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Sally Sanderson

Consultant, Profex Consultancy

How would your team describe your leadership?

How would your team describe your leadership?


No leader is perfect and leading is challenging. That’s why it is critical to be self-aware and seek feedback from your team. Do they see you as you see yourself? What could you do differently to help them to do an even better job?

Yet in law firms we find it difficult to ask for and give honest feedback. Some leaders are appalled when I suggest it: they think it will be perceived as a sign of weakness. An alternative is to use a psychometric feedback tool to gain insight into the impact of your style on those you lead.

Having used psychometrics with lawyers for many years, I have found that different personalities have different issues when leading their teams and different complaints are made about their style (often behind their back):

  • Some are stuck in the detail – often described as micro-managers
  • Some are very negative – often perceived as uninspiring
  • Some are too hands-off – often experienced as demanding or uncaring

Our personality affects what we focus on. Leaders don’t instinctively cover everything they need to do to set direction, get engagement and provide the planning and support for implementation to go smoothly. This leaves gaps for their teams to fill. That’s why I developed the ABCDE tool to help leaders avoid these gaps. It is a simple, but not simplistic, tool which forces a leader to:

  • Set direction for the team       
  • Get and keep the team enthused
  • Ensure the team knows what steps to take and when
  • Help the team avoid problems and manage risks
  • Monitor progress and outcomes.

Here it is and why different personalities prioritise different elements of the model.

Achieve: the end results we must deliver.

First, we need to set direction for the team and tell them what to achieve. Highly directive leaders will instinctively emphasise this. Goal oriented team members are listening for: ‘What’s the challenge?’ ‘What do we need to do to succeed?’ This is where big picture thinkers start (and sometimes finish!).

Benefits: why and for whom this is important.

Next, we need to enthuse the team to do the work. Inspiring team leaders know that to get their teams to work harder, they need to sell it. Leadership is a trade – if you work hard for me, this is what I’ll give you in return. This creates purpose and for many it is critical – why this is important for the client, team and their own career.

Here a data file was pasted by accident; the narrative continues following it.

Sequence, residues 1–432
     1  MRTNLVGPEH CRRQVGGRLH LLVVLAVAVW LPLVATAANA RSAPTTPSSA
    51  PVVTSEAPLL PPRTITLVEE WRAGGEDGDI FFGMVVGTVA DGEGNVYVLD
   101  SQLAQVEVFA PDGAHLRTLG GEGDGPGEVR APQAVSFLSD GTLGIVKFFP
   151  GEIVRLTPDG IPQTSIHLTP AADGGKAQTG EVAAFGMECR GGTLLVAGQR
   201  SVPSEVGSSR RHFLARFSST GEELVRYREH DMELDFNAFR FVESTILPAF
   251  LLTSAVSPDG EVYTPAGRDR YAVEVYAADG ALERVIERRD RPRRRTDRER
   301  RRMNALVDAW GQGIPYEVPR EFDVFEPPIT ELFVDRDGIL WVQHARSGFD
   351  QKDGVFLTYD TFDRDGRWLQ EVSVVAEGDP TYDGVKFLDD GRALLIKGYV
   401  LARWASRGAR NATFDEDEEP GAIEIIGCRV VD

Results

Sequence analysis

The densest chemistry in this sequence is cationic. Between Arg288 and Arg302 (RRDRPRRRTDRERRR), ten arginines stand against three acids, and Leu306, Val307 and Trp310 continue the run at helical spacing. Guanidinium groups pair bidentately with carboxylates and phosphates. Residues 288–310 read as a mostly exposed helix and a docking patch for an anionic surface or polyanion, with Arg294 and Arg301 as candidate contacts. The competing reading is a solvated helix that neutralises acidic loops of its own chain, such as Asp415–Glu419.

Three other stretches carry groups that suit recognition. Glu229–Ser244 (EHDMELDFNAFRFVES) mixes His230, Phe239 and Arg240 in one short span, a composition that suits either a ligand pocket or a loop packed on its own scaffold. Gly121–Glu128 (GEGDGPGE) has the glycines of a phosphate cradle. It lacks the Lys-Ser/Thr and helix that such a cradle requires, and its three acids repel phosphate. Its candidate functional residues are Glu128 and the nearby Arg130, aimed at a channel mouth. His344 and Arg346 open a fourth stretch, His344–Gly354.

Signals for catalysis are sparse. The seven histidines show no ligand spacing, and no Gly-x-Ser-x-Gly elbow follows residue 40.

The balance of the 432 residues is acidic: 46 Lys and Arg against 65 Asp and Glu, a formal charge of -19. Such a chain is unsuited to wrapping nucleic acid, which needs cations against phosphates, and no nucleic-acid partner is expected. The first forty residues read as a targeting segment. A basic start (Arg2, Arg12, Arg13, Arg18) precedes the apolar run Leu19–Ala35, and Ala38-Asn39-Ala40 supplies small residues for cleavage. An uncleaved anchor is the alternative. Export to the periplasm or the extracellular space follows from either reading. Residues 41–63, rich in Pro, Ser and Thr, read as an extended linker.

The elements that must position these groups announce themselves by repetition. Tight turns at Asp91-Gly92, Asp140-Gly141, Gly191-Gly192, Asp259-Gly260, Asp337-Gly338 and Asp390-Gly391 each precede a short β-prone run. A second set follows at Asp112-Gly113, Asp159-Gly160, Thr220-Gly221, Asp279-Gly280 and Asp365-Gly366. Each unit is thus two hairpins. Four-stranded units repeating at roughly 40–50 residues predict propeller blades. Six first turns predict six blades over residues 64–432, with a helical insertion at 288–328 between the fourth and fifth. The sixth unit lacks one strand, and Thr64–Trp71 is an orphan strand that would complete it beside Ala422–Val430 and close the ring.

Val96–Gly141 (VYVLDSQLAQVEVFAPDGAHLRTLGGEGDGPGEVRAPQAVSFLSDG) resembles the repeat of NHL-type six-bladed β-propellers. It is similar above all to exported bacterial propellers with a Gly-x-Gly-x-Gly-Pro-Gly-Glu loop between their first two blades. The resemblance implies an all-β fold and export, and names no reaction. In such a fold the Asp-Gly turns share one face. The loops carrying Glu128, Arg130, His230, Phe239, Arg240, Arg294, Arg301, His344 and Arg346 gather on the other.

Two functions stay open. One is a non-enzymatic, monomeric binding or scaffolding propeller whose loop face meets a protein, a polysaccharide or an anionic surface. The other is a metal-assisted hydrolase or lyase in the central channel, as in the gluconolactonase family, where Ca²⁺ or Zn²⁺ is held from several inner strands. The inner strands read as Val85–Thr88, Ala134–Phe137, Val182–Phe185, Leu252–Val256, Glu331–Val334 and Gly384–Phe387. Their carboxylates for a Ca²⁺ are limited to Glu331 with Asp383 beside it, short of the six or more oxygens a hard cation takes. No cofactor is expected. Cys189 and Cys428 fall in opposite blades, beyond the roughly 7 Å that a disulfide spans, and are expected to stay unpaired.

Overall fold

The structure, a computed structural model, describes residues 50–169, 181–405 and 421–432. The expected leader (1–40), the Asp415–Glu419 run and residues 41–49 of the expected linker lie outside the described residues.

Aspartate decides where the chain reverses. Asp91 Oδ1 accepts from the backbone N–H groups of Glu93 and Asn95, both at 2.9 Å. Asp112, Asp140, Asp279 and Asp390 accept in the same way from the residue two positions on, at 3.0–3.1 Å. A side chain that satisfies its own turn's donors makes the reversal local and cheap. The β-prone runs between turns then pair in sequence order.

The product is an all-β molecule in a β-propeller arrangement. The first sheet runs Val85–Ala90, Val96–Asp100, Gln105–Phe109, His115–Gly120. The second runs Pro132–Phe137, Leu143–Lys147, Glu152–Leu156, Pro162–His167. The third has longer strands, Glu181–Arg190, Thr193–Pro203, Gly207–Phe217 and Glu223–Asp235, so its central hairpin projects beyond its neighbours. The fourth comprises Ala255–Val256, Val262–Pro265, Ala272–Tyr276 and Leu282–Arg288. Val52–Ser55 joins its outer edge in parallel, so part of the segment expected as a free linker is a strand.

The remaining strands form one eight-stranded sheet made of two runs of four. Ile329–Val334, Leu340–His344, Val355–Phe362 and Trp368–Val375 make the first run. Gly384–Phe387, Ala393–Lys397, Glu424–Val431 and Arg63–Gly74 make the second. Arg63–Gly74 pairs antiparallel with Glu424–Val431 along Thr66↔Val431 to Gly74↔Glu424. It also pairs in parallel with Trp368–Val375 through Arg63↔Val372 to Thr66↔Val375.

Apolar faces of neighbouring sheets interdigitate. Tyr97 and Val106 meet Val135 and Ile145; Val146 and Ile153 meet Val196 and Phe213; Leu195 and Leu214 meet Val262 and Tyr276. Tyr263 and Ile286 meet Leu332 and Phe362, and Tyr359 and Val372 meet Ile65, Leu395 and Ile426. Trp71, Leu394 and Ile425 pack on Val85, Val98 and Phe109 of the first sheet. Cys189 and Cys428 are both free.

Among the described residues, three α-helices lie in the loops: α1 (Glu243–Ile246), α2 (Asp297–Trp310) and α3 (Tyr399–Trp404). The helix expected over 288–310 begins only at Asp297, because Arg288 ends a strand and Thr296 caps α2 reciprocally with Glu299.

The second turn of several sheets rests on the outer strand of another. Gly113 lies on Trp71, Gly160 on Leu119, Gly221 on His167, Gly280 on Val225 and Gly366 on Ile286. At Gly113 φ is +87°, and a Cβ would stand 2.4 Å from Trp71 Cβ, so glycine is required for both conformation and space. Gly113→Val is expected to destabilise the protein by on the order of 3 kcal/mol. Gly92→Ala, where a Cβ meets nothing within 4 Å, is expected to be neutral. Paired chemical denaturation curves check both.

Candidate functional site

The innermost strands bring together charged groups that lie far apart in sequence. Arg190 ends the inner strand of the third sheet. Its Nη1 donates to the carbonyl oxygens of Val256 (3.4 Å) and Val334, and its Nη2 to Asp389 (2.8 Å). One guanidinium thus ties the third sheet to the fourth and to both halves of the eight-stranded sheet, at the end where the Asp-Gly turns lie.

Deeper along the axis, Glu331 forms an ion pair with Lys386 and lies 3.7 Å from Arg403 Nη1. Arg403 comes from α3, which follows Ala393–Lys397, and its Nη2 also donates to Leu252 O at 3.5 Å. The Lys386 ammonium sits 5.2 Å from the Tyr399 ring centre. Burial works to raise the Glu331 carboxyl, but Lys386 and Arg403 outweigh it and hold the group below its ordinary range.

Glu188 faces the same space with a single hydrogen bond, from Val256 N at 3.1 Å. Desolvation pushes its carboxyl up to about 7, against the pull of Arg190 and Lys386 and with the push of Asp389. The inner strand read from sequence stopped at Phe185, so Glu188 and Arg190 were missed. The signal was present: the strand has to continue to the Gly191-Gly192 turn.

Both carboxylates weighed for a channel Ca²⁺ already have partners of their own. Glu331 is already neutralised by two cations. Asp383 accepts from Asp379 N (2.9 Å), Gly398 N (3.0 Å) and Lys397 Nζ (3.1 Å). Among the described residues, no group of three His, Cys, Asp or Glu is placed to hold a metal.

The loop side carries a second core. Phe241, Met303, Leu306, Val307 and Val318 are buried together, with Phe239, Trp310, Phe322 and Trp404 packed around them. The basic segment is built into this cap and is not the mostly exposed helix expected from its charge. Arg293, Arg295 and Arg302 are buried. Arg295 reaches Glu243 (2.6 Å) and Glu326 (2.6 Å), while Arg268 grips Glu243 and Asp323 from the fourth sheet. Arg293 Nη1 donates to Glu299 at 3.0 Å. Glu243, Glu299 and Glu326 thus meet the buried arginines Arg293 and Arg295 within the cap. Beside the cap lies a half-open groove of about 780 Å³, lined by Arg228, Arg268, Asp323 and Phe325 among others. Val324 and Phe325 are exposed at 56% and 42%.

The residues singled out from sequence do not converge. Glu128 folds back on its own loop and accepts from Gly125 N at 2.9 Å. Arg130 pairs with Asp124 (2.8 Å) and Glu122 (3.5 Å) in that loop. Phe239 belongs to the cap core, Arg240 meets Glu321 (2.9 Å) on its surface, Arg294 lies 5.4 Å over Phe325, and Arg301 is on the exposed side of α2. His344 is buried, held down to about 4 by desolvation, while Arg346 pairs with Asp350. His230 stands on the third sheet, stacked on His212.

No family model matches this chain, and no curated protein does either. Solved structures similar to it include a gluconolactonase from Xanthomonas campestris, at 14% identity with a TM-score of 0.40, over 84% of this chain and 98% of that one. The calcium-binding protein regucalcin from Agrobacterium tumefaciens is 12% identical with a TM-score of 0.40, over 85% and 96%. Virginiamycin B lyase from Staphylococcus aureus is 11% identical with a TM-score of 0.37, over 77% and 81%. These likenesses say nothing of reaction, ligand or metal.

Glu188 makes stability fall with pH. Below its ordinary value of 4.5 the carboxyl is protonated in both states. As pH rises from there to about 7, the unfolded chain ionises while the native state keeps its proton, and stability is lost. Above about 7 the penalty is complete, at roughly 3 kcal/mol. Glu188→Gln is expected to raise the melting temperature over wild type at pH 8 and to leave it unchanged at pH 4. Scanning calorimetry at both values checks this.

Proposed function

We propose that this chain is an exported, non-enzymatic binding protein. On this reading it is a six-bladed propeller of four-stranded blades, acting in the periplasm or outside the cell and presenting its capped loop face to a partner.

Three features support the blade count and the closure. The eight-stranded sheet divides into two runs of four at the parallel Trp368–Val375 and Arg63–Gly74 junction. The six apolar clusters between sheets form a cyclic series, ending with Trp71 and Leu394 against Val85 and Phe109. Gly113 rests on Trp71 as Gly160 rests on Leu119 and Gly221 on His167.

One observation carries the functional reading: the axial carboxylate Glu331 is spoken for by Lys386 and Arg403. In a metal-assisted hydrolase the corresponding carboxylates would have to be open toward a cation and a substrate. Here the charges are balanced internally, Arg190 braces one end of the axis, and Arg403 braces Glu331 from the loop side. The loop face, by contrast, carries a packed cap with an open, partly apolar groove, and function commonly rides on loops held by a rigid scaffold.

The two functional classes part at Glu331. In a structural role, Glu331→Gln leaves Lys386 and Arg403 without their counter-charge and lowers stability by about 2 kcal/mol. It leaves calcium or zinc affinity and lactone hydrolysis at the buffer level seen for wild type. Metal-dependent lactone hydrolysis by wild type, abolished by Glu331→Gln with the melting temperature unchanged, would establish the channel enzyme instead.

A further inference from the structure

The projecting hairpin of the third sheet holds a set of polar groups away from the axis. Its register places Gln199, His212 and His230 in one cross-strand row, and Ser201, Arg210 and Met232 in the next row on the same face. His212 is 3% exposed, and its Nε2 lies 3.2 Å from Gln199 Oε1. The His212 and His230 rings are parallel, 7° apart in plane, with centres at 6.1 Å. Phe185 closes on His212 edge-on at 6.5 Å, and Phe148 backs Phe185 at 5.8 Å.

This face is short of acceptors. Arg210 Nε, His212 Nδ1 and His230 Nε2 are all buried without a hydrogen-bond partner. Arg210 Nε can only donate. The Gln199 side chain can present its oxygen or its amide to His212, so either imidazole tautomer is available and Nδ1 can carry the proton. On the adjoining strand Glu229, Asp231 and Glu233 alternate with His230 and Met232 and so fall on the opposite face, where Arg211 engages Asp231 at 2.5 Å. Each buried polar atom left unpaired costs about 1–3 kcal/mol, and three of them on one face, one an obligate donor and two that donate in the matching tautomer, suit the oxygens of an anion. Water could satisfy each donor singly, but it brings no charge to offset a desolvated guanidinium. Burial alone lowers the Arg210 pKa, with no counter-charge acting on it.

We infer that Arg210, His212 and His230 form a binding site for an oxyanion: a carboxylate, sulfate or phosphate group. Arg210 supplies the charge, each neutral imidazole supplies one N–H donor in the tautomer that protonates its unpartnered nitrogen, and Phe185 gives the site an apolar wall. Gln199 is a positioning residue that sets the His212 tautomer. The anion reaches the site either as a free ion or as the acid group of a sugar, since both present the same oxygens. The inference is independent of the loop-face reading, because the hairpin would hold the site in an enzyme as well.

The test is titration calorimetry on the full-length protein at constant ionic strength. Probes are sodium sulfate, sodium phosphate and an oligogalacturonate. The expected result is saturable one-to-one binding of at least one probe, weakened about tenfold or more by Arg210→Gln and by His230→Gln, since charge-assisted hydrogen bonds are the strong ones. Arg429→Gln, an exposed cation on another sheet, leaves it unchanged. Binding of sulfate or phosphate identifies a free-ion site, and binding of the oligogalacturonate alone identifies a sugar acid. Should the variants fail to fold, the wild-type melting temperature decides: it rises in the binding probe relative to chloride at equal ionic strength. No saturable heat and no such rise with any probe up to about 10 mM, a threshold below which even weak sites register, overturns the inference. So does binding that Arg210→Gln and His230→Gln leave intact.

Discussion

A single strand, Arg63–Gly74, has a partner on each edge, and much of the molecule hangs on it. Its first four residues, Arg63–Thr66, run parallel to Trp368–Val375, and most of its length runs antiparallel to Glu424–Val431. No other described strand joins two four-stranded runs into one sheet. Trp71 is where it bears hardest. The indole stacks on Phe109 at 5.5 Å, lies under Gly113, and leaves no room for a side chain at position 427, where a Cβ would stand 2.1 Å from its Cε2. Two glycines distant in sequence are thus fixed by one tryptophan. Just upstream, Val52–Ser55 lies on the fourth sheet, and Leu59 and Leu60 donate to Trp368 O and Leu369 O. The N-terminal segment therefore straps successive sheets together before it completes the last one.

Clarify how: the steps we need to take.

Then we need to be clear about what is going to happen, the steps to take to achieve the goal and the support available. Practical team leaders will focus on this. They will give their team a plan or checklist to follow and agree supervision approach. Some team members will distrust a big idea until the leader can demonstrate they have thought it through and planned what needs to happen.

Difficulties: how we will avoid these.

Not everything goes smoothly so we also need to anticipate what could go wrong and take action to prevent it. Cautious team leaders will have this at the front of their mind, but optimists often neglect this. For cautious team members this is reassuring – they resent being set up for failure by a leader who hasn’t anticipated the rocks ahead.

Evaluate: progress and outcomes.

Finally, once the team gets working, all leaders need to ensure that the team makes progress. Some leaders are initiators, but not good at follow-up. It is critical that leaders agree how they will monitor and evaluate progress and outcomes to keep momentum and so the team knows that they will get the leader’s support if needed.

The ABCDE tool and toolkits, © Profex Consulting, for project and performance conversations help leaders adjust for their personality, efficiently. Teams appreciate it. With further insight from widely used psychometric tools such as DISC, Insights Discovery ® or Social Styles they can make further adjustments by understanding how to bring out the best in different personalities in their team. Since no one is perfect, greater awareness of personal style helps leaders and their teams be the best version of themselves they can be.

Sally Sanderson is a multi-award-winning consultant to law firms. She is the author of ‘Leading Lawyers’ which includes the ABCDE approach, © Profex Consulting. Leading Lawyers is published by Practical Inspiration Publishing, November 2021.